Some of the states hardest hit by Covid are the least interested in reading news about the pandemic.
With the country in the midst of the worst outbreak since the pandemic began, Covid is once again dominating headlines nationwide – and while the rollout of vaccines offers hope, Covid will certainly not go away overnight.
But not everyone is equally interested in Covid-related news. States that voted for Donald Trump in the recent presidential election are much less interested in Covid-related news, relative to their infection rate. And states that voted for Joe Biden are much more interested in Covid-related news, again relative to their infection rate.
We provided an exclusive look at this data to Axios, whose subsequent article has been widely shared on social networks.
To understand how interest in Covid differs by region, SocialFlow tracked the number of clicks on Covid-related articles shared on social media by state. SocialFlow then adjusted those numbers of clicks by each state’s population to produce a per capita click rate.
As the above map shows, interest in Covid-related news is highest in Michigan and certain states in the northeast (e.g. Massachusetts, Rhode Island and Connecticut).
This alone doesn’t tell us all too much, but the results are eye-opening when you compare them with each state’s per capita Covid infection rate.
The above heat map shows each state’s Covid infection rate, adjusted by population, through December 12 as reported by the Centers for Disease Control. The darker Midwest states are experiencing some of the most significant Covid outbreaks per capita, and yet many of these same states are among the least interested in reading news about the subject.
To illustrate the difference between interest in Covid news and Covid cases in each state, SocialFlow ranked the states, from 1 to 50, in terms of per capita Covid article clicks and per capita Covid infections. SocialFlow then took each state’s Covid news rank and subtracted it by their infection rank. This provides a rough view of a state’s “Interest Level Compared to Actual Covid Cases,” relative to other states.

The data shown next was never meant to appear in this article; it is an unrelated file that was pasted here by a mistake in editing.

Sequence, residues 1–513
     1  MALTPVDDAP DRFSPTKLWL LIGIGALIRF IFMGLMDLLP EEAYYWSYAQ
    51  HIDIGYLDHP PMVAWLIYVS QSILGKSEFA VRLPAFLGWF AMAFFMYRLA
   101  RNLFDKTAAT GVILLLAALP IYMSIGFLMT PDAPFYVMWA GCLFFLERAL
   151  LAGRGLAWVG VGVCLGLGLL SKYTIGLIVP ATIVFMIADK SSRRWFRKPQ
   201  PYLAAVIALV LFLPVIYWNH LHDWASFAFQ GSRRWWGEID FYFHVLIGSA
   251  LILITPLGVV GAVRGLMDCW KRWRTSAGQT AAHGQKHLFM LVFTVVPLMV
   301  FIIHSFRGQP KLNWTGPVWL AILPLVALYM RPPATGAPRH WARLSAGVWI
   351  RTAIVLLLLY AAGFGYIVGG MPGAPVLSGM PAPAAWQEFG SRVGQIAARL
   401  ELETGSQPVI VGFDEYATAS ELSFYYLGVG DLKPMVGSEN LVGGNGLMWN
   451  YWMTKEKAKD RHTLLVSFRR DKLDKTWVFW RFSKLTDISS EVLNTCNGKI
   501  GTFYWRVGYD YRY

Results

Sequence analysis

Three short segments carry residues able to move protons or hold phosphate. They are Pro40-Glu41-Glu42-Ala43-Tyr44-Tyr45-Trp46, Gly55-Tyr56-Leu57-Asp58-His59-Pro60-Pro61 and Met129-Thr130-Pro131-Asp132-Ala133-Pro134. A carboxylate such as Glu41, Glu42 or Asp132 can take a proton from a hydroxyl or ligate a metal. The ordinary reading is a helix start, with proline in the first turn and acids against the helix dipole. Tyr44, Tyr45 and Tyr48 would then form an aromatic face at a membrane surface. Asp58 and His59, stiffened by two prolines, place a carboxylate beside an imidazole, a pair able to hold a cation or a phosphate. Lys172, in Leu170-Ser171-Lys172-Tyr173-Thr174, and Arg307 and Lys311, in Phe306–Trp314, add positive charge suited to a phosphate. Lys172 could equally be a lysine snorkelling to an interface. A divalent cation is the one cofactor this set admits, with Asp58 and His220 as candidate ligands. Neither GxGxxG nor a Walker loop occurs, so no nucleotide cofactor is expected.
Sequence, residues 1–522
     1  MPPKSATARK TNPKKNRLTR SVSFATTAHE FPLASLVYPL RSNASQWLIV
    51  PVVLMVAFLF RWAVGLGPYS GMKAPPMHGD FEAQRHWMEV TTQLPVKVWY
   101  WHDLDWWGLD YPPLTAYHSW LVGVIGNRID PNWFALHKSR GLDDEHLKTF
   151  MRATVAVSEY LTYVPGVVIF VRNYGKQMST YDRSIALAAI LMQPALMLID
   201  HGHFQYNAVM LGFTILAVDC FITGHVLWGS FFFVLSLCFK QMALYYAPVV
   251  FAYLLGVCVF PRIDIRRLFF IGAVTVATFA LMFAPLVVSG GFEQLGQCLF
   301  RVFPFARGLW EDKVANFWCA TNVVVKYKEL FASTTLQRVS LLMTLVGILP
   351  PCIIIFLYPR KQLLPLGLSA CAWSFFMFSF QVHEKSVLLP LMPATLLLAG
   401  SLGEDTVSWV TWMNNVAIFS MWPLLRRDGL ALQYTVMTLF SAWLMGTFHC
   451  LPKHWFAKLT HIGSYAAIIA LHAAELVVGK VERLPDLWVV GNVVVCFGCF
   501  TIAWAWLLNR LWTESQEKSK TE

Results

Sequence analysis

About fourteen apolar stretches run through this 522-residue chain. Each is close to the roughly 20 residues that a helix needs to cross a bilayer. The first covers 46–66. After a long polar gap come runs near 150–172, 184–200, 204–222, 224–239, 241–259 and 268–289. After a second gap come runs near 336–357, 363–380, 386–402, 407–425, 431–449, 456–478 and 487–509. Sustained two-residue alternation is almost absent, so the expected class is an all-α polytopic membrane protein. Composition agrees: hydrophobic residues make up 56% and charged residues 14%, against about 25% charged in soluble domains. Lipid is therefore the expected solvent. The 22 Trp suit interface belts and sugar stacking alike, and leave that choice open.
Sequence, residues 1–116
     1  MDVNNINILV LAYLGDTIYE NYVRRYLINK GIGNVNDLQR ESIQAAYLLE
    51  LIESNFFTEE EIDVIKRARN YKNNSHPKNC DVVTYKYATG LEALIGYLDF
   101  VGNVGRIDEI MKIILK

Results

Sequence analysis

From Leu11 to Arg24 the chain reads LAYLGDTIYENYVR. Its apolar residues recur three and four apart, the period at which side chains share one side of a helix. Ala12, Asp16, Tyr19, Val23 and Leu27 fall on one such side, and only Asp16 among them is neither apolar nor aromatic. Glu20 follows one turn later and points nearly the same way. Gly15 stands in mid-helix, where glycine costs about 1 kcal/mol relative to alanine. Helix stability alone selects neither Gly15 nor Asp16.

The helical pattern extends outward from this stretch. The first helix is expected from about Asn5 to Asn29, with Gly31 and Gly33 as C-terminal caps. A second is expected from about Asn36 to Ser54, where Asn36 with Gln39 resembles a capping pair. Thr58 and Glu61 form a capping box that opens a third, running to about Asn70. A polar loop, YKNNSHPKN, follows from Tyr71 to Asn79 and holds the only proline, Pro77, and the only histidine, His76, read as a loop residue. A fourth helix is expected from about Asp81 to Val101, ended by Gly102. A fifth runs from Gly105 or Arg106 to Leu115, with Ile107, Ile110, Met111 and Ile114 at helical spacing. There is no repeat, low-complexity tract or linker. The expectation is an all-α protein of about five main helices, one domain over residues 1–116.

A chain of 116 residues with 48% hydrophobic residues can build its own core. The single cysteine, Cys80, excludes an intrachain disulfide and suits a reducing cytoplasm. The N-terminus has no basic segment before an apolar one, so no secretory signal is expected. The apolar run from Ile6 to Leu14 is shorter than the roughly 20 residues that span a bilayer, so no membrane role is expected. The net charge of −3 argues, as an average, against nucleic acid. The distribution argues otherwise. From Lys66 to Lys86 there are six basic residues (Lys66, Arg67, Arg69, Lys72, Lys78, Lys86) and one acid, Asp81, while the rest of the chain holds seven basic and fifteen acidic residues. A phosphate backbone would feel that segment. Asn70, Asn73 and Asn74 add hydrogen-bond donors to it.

The vast majority of states with positive scores — states where the relative number of Covid cases exceeded the relative interest — were states that voted for current President Donald Trump in last month’s election (and are marked in red in the chart below). States that had a negative score — where relative interest in Covid outpaced the relative infection rate — went for President-elect Joe Biden (blue).
These results illustrate a pronounced divide in how Covid is perceived, which is perhaps not surprising given the polarized political climate. Interestingly there are exceptions, where red states (Florida, Texas, West Virginia) show greater interest than you might expect based on the states’ votes. And the three most unexpected blue states (Arizona, Nevada, New Mexico) all share a dry, arid climate–raising the question of whether something as basic as climate may influence perceptions as much as politics.
The findings underscore just how politicized the pandemic is, and that politicization hasn’t died down despite the election being all but finalized.